Québec va soutenir financièrement les immigrants qui ont besoin de suivre une formation de soutien pour faire reconnaître leurs compétences professionnelles. L’aide pourrait atteindre jusqu’à 500 $ par semaine pour les professionnels qui suivent la formation à temps plein.

Le ministre du Travail, Jean Boulet, en a fait l’annonce, mardi, lors du dévoilement d’un nouveau plan de 130 millions de dollars sur deux ans pour accélérer et faciliter la reconnaissance des compétences des immigrants.

Avec ce plan, les professionnels immigrants seront mieux accompagnés « de la sélection jusqu’à l’intégration » dans la reconnaissance de leurs compétences, affirme le ministre.

M. Boulet a donné l’exemple d’une infirmière qui voudrait faire reconnaître ses compétences. « Elle va bénéficier de formations d’appoint beaucoup plus flexibles. Il va y en avoir beaucoup plus. Elle va aussi bénéficier d’une aide financière de 500 $ par semaine. Elle va aussi profiter d’avoir un permis restrictif qui pourrait lui permettre de faire son travail sous certaines conditions ou de faire un travail qui est connexe à sa formation. »

Présente au côté du ministre, Gyslaine Desrosiers, présidente du Conseil interprofessionnel du Québec, a mentionné que le taux de décrochage était de 34 % parmi les immigrants souhaitant faire reconnaître leurs compétences. « Collectivement, on peut et on doit faire mieux. »

Pénurie de main-d’œuvre

Le plan fait partie d’une offensive de plus 2,9 milliards de dollars pour contrer la pénurie de main-d’œuvre, annoncée dans la mise à jour économique de novembre. Québec espère « former, requalifier et attirer » près de 170 000 travailleurs dans cinq secteurs ciblés : la santé et les services sociaux, l’éducation, les services de garde éducatifs à l’enfance, le génie et les technologies de l’information ainsi que la construction.

La décision de se concentrer sur les services essentiels et les secteurs « stratégiques » a fait des mécontents parmi les entreprises qui se sentent oubliées par cette intervention.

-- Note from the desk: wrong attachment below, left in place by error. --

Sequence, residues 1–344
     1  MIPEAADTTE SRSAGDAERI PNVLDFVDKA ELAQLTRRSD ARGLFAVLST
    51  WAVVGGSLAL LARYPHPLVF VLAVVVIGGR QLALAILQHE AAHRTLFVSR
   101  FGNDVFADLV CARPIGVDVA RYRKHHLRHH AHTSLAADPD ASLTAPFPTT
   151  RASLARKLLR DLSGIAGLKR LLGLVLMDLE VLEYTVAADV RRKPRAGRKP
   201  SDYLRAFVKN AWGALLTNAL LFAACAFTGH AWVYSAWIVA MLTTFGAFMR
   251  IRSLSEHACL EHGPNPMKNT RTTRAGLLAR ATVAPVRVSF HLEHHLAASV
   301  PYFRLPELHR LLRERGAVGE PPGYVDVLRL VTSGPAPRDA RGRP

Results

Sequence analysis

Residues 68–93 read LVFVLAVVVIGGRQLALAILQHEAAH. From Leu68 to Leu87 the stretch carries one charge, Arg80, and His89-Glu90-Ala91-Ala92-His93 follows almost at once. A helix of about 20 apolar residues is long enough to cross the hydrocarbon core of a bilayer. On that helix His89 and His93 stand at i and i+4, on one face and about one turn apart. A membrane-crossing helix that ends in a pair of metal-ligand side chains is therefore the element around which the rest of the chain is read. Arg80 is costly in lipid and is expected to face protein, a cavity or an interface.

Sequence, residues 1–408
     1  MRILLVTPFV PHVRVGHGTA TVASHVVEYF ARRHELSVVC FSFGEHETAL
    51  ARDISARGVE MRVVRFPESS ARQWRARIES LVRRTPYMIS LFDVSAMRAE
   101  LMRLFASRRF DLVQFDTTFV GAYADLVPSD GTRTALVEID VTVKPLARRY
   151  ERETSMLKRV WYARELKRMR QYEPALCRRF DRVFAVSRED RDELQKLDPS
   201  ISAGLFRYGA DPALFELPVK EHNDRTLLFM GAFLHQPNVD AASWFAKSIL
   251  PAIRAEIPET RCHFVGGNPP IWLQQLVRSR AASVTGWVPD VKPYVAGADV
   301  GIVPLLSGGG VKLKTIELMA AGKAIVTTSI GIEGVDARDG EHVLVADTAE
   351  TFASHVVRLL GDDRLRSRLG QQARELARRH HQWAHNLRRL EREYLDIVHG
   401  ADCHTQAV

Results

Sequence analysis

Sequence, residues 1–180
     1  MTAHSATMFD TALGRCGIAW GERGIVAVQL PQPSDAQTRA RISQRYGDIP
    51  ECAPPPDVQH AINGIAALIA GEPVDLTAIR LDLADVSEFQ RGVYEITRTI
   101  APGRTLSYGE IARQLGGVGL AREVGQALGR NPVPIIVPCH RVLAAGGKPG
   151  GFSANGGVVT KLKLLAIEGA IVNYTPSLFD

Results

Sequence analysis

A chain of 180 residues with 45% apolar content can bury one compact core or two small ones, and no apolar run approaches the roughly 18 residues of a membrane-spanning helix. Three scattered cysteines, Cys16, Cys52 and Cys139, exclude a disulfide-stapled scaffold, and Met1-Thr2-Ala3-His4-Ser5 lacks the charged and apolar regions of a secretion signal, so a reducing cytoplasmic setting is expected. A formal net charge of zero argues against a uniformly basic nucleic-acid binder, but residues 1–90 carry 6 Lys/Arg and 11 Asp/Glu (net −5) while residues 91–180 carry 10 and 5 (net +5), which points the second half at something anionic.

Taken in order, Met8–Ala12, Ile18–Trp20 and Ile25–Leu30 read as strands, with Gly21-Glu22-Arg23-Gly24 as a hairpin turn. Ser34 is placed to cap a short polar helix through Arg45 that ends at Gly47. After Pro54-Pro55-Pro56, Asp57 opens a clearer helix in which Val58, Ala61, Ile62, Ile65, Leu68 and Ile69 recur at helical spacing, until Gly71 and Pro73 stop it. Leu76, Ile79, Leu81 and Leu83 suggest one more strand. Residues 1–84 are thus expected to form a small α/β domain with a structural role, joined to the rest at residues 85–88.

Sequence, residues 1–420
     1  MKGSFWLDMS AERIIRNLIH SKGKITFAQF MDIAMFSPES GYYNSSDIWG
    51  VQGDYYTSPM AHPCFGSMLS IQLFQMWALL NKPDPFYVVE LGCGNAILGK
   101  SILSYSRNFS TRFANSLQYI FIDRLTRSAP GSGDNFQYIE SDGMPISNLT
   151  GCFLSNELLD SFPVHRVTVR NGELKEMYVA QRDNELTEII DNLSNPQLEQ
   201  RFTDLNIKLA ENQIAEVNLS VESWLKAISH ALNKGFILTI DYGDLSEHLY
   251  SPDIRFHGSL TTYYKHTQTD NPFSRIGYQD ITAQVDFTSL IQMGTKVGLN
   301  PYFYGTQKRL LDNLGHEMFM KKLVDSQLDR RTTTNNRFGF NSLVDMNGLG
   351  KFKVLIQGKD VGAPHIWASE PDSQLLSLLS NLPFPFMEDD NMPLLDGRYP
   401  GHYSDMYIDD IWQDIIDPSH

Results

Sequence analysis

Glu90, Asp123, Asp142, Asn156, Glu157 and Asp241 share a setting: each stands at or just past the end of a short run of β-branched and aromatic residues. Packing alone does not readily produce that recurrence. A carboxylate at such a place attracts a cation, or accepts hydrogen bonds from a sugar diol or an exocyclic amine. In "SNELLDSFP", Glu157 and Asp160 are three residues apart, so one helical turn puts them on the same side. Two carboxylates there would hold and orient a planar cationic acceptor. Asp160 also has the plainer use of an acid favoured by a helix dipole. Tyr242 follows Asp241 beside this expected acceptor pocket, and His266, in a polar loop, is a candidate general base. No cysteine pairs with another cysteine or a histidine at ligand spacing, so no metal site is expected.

Dans le plan de reconnaissance des compétences, 12 métiers sont identifiés dans les services essentiels et les secteurs « stratégiques » comme le génie et la construction. « On va y aller selon nos besoins, a défendu M. Boulet en conférence de presse. Faut établir des priorités. »

« Ça ne veut pas dire que les autres sont exclus, nuance-t-il. On va considérer en fonction des besoins et de la société et du marché de l’emploi. »

Dans les secteurs visés, il y a environ 5000 personnes qui font chaque année des demandes de reconnaissance de leurs compétences.

Le Conseil du patronat satisfait

Au Conseil du patronat du Québec (CPQ), on estime que le plan répond à plusieurs besoins exprimés par le milieu des affaires. « Pour les entreprises, l’annonce d’aujourd’hui permettra une intégration en emploi plus rapide et adaptée aux compétences des candidats, commente Karl Blackburn, son président et chef de la direction, dans un courriel. La collaboration étroite des ordres professionnels, du gouvernement et des milieux de l’emploi est de la musique à nos oreilles. »

L’enjeu de la compétence des immigrants est soulevé depuis plusieurs années, mais le ministre Boulet a l’impression que le plan qu’il propose sera le bon. « Je pense qu’on ne peut pas manquer notre coup. »

« Oui, ça fait longtemps qu’on en discute, mais on a maintenant un plan qui est global, qui est compréhensif, qui est cohérent, qui est issu d’une concertation. Tout le monde tire dans la même direction », ajoute-t-il.

Source: Québec va aider les immigrants qui tenteront de faire reconnaître leurs compétences

Skilled immigrant women already faced obstacles finding employment. The pandemic made it worse

Of note. Law may be one of the harder regulated professions for internationally-trained professionals, both men and women:

Tolu Adeyemi had been working as a corporate and commercial lawyer in her hometown of Lagos, Nigeria for four years when she immigrated to Calgary in late 2019.